Share

The MRT profession

MRTs perform diagnostic imaging examinations and administer radiation therapy treatments. They are key players on your healthcare team.

The MRT profession has evolved as technologies have advanced, starting in the late 19th century when Wilhelm Conrad Röntgen first produced and detected electromagnetic radiation in a wavelength range (now known as x-rays). Today, magnetic and nuclear medicine technologies, as well as powerful computer-based diagnostic tools, put MRTs on the leading edge of patient care.

MRTs play a critical role in Canada’s healthcare system, not only with high-tech diagnoses and treatments, but also by providing opportunities for medical research and innovations in caregiving that improve quality of life. You will find MRTs not only in hospitals and clinics from coast to coast; but wherever the Canadian Forces are deployed; in the dressing rooms of our professional sport teams; and in 2010, on the field of play at the Vancouver Winter Olympics.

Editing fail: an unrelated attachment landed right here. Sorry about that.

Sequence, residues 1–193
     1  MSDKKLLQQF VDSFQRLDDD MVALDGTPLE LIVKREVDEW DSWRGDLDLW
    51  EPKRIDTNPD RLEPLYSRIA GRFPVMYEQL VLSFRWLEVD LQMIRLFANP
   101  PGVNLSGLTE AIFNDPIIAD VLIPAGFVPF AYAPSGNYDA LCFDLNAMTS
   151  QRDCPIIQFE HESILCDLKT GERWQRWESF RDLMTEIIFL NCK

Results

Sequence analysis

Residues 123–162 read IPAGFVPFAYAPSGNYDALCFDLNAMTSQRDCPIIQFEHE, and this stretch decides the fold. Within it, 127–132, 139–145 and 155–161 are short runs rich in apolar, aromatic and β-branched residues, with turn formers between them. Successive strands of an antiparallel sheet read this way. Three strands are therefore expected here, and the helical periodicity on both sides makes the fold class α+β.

The MRT profession today includes a diverse array of highly-trained professionals representing various technology-related disciplines in the healthcare field:

Magnetic resonance technologists produce diagnostic images using equipment that generates radio waves and a strong magnetic field. Extensive knowledge of physics, anatomy, pathology and physiology allows MRI technologists to obtain images, while monitoring and caring for patients during scans.

Nuclear medicine technologists have technical expertise in the use of radiopharmaceuticals and radiation physics, allowing them to perform diagnostic imaging procedures with sophisticated technology. Their use of exceptional quality assurance techniques provides for patient safety and comfort.

Radiation therapists are responsible for — and expert in — planning and administering radiation treatment using complex medical radiation equipment for cancer patients. They offer ongoing care and support to patients and their families during the course of treatment.

Radiological technologists produce images of body parts and systems by performing and assisting in exams in general x-ray, CT, breast imaging, operating room and other specialized procedures. They are expert in the operation of complex medical radiation equipment while providing comprehensive, compassionate care to each patient.